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New four-cylinder power-cruiser from China

Has written for dozens of magazines and websites, including most of the world’s biggest bike titles, as well as dabbling in car and technology journalism.



Benda BD700


Back in March we revealed that Chinese firm Benda is planning to launch a new four-cylinder power-cruiser and now we’ve got the first pictures of the machine courtesy of the company’s design patent filings.

It’s an interesting machine and the designs show some innovative styling; while the overall stance might have overtones of Ducati XDiavel in the stance and proportions, it’s by no means a rip-off.

Most notably, the bike features Benda’s own four-cylinder engine, making it only the second inline four to emerge from a Chinese company after Qianjiang’s Benelli-designed 600cc unit.


Benda BD700


The bike’s codename – BD700 – suggests the motor’s capacity is around 700cc, although parts of the Chinese press have suggested the bike is nearer 750cc.

As we noted in April, the engine design is very similar to Honda’s CB650 four. Back then we’d only seen raw castings of the cylinder block, which looked very much like a straight copy of the Honda design. The new design images show that while the engine’s bottom end is much the same as the CB650’s – all the bolt patterns and engine mounts look identical – the cylinder head is quite different.

There’s no indication that there’s anything untoward about the similarity between the Benda and Honda engines. It’s quite possible that Benda has bought rights to the design, that its version is different enough to be considered a completely new engine or the elements that are similar aren’t covered by Honda’s intellectual property rights.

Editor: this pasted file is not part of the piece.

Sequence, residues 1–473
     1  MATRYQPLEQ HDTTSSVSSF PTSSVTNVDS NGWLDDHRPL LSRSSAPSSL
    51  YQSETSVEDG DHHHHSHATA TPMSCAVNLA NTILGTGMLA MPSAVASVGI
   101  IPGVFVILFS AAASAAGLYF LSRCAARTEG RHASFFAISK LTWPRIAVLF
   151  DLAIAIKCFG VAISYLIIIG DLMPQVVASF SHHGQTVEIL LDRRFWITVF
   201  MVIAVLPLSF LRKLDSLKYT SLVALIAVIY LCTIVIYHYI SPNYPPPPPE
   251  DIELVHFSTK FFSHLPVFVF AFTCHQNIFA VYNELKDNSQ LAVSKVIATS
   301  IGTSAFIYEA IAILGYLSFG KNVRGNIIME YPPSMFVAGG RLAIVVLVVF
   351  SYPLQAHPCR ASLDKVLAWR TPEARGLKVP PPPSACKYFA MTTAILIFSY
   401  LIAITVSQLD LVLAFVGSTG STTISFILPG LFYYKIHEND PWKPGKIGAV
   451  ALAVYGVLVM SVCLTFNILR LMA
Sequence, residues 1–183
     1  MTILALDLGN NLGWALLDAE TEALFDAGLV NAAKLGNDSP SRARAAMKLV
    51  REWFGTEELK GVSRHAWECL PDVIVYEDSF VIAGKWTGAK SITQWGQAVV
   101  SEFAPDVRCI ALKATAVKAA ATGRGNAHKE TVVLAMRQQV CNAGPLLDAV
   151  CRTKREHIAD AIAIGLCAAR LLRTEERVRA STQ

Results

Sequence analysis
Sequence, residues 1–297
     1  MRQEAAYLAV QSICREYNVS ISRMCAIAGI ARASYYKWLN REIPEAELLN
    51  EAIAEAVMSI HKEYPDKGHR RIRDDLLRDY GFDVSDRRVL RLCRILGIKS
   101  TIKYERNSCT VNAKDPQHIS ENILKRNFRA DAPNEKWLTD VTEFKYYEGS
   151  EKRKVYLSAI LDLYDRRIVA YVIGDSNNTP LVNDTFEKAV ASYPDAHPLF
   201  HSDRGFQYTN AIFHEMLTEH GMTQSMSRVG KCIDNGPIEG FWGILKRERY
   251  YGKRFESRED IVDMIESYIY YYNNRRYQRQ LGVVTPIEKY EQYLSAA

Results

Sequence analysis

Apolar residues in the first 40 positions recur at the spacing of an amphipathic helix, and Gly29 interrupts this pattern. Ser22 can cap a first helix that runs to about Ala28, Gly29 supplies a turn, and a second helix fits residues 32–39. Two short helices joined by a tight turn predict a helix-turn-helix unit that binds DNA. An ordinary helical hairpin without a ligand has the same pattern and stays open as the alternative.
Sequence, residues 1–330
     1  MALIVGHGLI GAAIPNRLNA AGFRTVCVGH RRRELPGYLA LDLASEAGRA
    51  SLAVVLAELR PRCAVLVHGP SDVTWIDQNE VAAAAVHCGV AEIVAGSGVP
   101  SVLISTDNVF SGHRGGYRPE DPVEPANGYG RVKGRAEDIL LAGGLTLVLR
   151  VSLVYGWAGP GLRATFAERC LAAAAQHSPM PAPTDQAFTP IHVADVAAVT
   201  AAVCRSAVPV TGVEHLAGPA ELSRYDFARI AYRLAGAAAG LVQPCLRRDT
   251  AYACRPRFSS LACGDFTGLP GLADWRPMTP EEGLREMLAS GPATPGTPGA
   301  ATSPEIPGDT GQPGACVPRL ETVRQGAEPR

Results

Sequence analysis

In terms of styling, there’s plenty to take in here. The profile is XDiavel-esque, with most of the visual mass towards the front, forward-mounted foot pegs and wide bars allied to a slim, low seat that ends well short of the back of the rear wheel. However, the Benda’s frame is either aluminium or a steel design with faux-alloy covers, giving a very different style to the Ducati’s trellis design. There’s also no single-sided swingarm – instead the Benda has a very long, aluminium dual-sider – and of course the inline-four engine is miles away from the XDiavel’s V-twin in appearance.

The Benda’s headlight and exhaust are both notable styling features in their own right. The light appears to use a small, projector-style LED in the centre, sunk into a turbine-style outer section that gives a distinctive look. Meanwhile, the exhaust system is all packaged under the engine, with a four rectangular outlets on the right hand side of a single, shared collector box, reflecting the engine’s inline-four layout.

On Benda’s early teaser image (below), the exhaust downpipes were clearly visible, but we can now see that those pictures lacked the radiator of the final design, which hides them from view.



In terms of other tech, we can see that the BD700 features upside-down forks and radial four-pot calipers at the front, and the ABS sensor ring on the brake discs is clear to see. A small flat-screen instrument display is incorporated into the handlebar clamps, rather like the Diavel’s dashboard – a solution that skirts the need for clocks further forward that might spoil the bike’s low-slung side profile.

At the back, the final drive is via chain to a massively-wide rear tyre. Given the engine’s likely performance – somewhere in the region of 100hp seems reasonable – that rubber is overkill in practical terms but it’s essential to the bike’s proportions.

While we haven’t heard whether Benda plans to export the new machine, it appears to represent another step forward for the Chinese motorcycle industry.


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